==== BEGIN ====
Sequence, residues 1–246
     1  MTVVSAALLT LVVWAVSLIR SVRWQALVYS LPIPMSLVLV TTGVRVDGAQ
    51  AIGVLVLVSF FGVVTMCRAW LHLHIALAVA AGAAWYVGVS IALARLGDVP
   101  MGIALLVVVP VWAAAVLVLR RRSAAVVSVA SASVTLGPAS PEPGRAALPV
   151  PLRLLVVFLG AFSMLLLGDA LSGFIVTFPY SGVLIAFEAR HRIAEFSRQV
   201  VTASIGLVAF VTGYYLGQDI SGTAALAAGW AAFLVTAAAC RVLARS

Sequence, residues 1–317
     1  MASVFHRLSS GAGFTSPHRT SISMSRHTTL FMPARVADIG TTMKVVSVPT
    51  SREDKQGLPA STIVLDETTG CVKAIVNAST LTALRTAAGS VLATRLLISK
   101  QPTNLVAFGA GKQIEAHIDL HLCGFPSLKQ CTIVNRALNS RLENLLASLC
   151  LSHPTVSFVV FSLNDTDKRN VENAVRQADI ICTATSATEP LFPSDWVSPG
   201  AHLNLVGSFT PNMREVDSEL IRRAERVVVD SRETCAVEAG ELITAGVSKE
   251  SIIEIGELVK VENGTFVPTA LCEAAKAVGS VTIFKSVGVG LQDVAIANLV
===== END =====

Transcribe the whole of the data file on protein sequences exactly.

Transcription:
Sequence, residues 1–246
     1  MTVVSAALLT LVVWAVSLIR SVRWQALVYS LPIPMSLVLV TTGVRVDGAQ
    51  AIGVLVLVSF FGVVTMCRAW LHLHIALAVA AGAAWYVGVS IALARLGDVP
   101  MGIALLVVVP VWAAAVLVLR RRSAAVVSVA SASVTLGPAS PEPGRAALPV
   151  PLRLLVVFLG AFSMLLLGDA LSGFIVTFPY SGVLIAFEAR HRIAEFSRQV
   201  VTASIGLVAF VTGYYLGQDI SGTAALAAGW AAFLVTAAAC RVLARS

Sequence, residues 1–317
     1  MASVFHRLSS GAGFTSPHRT SISMSRHTTL FMPARVADIG TTMKVVSVPT
    51  SREDKQGLPA STIVLDETTG CVKAIVNAST LTALRTAAGS VLATRLLISK
   101  QPTNLVAFGA GKQIEAHIDL HLCGFPSLKQ CTIVNRALNS RLENLLASLC
   151  LSHPTVSFVV FSLNDTDKRN VENAVRQADI ICTATSATEP LFPSDWVSPG
   201  AHLNLVGSFT PNMREVDSEL IRRAERVVVD SRETCAVEAG ELITAGVSKE
   251  SIIEIGELVK VENGTFVPTA LCEAAKAVGS VTIFKSVGVG LQDVAIANLV